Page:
Originally written for the Book of Common Thought. Here adapted and ameliorated.
4. Under Pontius Pilate, He was crucified, died, and was buried.
The Apostles’ Creed certainly has strange twists. With the 4th article, it turns out, the plan has hit a crisis. That is, if the plan included some RomCom version of “happy ever after”.
Here, a weird feature rears its head: the central place of Pontius Pilate. Doesn’t it seem unusual that one of the most ambiguous characters in the crucifixion drama should take such a central role?
I was, however, surprised to learn old Pontius was a 2nd- to 3rd-century church celebrity. In the sixteenth chapter of the Gospel of Nicodemus he is the main character. The Coptic and Syrian churches even canonised Pilate.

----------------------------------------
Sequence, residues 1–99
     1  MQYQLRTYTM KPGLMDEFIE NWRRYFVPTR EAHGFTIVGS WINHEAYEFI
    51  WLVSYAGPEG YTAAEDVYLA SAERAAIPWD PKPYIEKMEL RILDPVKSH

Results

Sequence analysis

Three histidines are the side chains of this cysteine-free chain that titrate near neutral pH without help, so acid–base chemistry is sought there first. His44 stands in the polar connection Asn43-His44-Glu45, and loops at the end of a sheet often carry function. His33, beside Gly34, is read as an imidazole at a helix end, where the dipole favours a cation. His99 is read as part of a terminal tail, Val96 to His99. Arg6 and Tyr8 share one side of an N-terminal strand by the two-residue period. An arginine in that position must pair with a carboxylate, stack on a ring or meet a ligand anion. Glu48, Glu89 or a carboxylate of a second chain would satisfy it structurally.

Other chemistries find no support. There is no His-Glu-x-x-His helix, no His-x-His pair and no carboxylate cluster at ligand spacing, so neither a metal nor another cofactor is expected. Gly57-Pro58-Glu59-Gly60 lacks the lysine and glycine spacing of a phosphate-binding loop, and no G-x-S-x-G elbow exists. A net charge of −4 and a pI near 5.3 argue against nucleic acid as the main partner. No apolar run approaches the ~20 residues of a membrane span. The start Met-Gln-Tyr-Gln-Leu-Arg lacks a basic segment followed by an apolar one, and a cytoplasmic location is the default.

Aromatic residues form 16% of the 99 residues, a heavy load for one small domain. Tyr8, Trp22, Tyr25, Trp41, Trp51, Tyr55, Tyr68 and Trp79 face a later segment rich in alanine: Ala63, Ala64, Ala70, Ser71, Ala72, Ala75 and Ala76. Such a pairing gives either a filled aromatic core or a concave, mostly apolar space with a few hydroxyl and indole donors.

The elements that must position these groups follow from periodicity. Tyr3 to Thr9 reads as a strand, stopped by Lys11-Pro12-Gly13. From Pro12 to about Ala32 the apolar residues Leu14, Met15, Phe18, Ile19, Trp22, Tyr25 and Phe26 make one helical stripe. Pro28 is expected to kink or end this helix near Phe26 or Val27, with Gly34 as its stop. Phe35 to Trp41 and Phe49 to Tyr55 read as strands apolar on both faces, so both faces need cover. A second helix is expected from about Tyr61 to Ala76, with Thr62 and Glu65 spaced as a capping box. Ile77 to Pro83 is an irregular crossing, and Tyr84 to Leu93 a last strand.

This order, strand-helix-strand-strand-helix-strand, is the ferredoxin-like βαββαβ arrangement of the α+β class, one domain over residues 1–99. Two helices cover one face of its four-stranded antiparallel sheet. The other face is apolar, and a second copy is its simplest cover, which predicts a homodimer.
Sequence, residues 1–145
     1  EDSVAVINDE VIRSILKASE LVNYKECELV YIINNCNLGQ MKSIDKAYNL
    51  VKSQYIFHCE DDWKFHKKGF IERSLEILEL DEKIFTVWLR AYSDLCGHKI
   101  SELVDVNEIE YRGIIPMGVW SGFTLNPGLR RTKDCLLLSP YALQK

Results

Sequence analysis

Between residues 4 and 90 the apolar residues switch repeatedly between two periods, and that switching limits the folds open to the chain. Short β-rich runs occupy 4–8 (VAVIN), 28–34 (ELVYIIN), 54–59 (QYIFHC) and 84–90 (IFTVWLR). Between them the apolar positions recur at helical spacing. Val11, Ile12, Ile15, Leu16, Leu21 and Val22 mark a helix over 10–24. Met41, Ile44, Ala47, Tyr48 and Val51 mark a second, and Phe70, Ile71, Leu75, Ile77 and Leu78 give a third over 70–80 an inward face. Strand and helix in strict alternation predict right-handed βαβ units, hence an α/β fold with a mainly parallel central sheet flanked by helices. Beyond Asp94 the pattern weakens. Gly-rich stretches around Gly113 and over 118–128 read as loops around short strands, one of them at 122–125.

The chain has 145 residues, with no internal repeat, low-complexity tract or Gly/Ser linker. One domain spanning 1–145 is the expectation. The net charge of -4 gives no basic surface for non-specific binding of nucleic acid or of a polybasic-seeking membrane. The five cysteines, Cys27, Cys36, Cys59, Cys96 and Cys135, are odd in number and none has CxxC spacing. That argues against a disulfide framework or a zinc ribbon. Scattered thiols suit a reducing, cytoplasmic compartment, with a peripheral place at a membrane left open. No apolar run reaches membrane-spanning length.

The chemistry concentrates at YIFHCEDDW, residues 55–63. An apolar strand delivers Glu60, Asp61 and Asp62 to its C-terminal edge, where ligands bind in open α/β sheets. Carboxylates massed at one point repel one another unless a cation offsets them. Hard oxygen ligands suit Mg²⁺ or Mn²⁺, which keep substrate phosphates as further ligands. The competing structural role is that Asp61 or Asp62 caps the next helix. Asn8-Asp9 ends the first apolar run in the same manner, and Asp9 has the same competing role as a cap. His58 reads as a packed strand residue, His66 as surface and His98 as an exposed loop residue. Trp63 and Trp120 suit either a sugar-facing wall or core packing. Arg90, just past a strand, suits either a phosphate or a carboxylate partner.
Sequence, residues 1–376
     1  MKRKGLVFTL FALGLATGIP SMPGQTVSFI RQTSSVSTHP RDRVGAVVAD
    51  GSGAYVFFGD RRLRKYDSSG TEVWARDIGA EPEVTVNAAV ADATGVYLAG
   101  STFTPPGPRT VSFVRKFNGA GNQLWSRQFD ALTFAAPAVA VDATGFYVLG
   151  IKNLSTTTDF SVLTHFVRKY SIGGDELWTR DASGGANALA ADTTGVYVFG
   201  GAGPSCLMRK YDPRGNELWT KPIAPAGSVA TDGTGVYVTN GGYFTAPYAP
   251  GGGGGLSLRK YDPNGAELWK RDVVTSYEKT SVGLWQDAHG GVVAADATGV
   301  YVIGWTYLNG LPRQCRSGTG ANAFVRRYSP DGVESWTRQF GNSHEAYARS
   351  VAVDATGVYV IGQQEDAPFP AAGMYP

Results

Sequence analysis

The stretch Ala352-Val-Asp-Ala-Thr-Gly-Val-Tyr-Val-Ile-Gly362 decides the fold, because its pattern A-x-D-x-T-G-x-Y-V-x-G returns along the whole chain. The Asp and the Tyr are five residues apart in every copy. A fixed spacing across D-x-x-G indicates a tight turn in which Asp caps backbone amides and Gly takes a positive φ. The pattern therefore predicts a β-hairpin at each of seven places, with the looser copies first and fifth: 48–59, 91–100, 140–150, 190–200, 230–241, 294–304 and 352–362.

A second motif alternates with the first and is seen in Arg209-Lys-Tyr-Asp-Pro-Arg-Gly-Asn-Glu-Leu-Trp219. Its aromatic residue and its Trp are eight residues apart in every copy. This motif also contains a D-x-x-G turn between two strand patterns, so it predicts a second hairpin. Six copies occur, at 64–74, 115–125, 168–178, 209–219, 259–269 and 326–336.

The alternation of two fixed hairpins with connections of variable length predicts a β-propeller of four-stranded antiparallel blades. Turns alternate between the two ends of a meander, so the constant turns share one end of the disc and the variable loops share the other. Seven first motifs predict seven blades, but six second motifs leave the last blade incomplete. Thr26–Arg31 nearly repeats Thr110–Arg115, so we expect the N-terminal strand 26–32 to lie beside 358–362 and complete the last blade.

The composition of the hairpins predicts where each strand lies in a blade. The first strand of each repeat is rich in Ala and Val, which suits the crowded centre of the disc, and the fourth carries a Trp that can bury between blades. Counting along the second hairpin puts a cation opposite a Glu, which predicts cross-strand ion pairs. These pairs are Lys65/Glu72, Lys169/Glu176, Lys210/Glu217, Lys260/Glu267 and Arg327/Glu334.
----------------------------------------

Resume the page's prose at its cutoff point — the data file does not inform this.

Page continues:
Pilate is so intriguing for the early church because he roots Jesus in time and physicality. Jesus suffers under someone, who lived at a particular time. Furthermore, Pontius connects Jesus’ death with the Roman universe and emphasises Jesus was executed by Romans.
However, one cannot help but snicker at Pilate’s inclusion as an autocritique. The guy who washed his hands of the death of Christ becomes baptismal candidates’ introduction to the key events into which they will be submerged. Anyway, I’m glad he’s included. All of us have a little Pontius in us.
- Ashwin-Siejkowski, Piotr. The Apostles’ Creed: and Its Early Christian Context. Bloomsbury Publishing, 2009.
- Kelly, John Norman Davidson. Early Christian Creeds. A&C Black, 2006.